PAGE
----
2. Reduce your inheritance tax: A gift to charity is free from inheritance tax and if you leave more than 10% of your entire estate to charity then the total amount of inheritance tax you pay reduces from 40% to 36%.
  3. Keep a memory alive: Many people choose to leave a gift to a charity that was important to a loved one, this is a great way to remember them.
  4. You may live longer: Research shows on average you will live eight years longer if you leave a legacy.

Every gift in every Will, however large or small, makes a difference, small percentage in your Will, even 1%, can make a huge difference.

If you want to leave a gift to charity but have already made a Will, there are a number of options open to you:

  1. You can either create a new Will – probably the simplest way or
  2. Write a codicil – which is a document used to change a Will that has already been made.

If you would like a free initial consultation with a member of the Wills & Probate team simply click on the “Speak to Our Experts” button on this page, call us on 01244 729 073 or email info@cullimoredutton.co.uk

Please note: This is not legal advice; it is intended to provide information of general interest about current legal issues.

Louise Holmes​, Cullimore Dutton Wills, Trusts & Estates

Free will review for all clients

Have your personal or business circumstances changed recently? Our Wills & Probate Team are offering all clients a free will review.
With the many tax changes that have taken place in recent years, now is a good time to make or review your will.
Louise Holmes, Associate Director, said: “Regularly reviewing your will is one of the most important things you can do. It does not take long and it allows you to ensure that your loved ones are provided for, that your estate is as tax efficient as possible and that your wishes are respected upon death.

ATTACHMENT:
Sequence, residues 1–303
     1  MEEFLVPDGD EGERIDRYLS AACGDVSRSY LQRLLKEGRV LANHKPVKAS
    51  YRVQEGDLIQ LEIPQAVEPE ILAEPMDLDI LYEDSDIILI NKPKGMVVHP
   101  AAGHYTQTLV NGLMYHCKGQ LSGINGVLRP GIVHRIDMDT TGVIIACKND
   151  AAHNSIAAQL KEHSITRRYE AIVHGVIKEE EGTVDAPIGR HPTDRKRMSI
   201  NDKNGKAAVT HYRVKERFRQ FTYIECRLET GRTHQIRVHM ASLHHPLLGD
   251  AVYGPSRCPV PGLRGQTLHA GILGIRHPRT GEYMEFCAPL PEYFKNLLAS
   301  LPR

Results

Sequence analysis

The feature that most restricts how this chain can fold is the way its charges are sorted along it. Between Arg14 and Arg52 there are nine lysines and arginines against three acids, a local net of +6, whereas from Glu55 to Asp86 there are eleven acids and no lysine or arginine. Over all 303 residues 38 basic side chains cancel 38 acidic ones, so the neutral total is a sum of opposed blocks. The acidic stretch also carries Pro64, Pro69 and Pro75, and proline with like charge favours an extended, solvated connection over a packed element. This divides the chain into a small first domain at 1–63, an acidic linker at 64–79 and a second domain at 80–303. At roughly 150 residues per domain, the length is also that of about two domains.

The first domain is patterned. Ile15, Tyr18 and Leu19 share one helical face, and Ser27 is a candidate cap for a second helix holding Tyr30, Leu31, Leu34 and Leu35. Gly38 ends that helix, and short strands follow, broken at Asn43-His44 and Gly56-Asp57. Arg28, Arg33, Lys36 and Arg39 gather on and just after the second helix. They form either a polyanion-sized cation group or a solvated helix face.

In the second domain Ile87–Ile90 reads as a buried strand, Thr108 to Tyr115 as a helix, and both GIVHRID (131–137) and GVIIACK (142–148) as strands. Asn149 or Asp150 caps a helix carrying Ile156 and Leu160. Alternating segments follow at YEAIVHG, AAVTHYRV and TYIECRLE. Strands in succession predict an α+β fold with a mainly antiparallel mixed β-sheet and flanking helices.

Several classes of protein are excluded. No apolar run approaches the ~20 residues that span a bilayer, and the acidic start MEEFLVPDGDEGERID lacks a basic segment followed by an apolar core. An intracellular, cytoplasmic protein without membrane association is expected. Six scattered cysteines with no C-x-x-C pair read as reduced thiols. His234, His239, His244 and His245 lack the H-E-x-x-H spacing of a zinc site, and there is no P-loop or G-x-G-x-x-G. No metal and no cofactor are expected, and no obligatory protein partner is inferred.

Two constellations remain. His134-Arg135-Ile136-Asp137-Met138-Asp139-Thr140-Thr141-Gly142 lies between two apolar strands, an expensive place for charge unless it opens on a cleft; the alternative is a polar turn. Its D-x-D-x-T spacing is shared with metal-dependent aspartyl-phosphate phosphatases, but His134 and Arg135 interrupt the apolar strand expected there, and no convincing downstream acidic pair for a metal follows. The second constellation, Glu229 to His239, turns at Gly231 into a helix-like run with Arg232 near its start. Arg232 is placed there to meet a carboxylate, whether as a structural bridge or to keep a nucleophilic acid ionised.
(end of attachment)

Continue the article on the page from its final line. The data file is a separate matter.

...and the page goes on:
“A good time to review your will is after setting up a new company, after the purchase or sale of a property, the birth of a child or if your personal circumstances have changed.”
If you would like to arrange an appointment with one of our specialist team, please email wills@cullimoredutton.co.uk or call 01244 729072.

Friendly girl explaining some documentation to parent

Book a place at our December seminar – The Bank of Mum & Dad

Our December seminar will offer advice and tips on how parents can plan for and support the financial future of their children and grandchildren – and we’d love you to come along.

Led by our Financial Services and Family Law teams, we will be discussing key life events and things to bear in mind to ensure your support is best placed and well protected.

We will look at a range of topics including how to fund going to university, how to help a child to get on to or move up the property ladder, protecting a deposit in the event of a relationship break-up and how to finance a wedding.

There will also be inheritance planning tips plus advice about the passing on of pension pots.

Clients are welcome to bring their (adult) children along to the event and there will be plenty of opportunities to ask questions or have a one-to-one session with our team after the event.

This is the second in our newly launched series of seminars. Hosted by our Financial Services and Wills, Trusts and Estates teams, last month we offered advice and answered questions on how to manage your wealth and the benefits of lasting power of attorney.

December’s seminar will take place on Thursday, December 15 between 5.30pm-7.30pm.

To register your place at this free event, taking place in our new office (27 Newgate Street, Chester CH1 1DE) please email visit our website and complete the form or email events@cullimoredutton.co.uk

If you are coming to the seminar, please ring the top doorbell at our main door for access to the building.

  • If you would like to be kept in touch about future seminars please get in touch.
  • If you can’t make the seminar but would like more information about any of the topics, please drop us an email.
Louise Holmes​, Cullimore Dutton Wills, Trusts & Estates

A Quick Guide to Wills

Louise Holmes​, Cullimore Dutton Wills, Trusts & Estates

How one of Chester’s few ‘Solicitors for the Elderly’ helps clients to plan ahead

Associate Director Louise Holmes specialises in drafting wills, tax planning, trusts and inheritance tax planning and drawing up Powers of Attorney. She joined the Cullimore Dutton team in June and is passionate about changing the lives of our clients. Here she talks about her work with clients approaching retirement, her home visits and her love of Chester.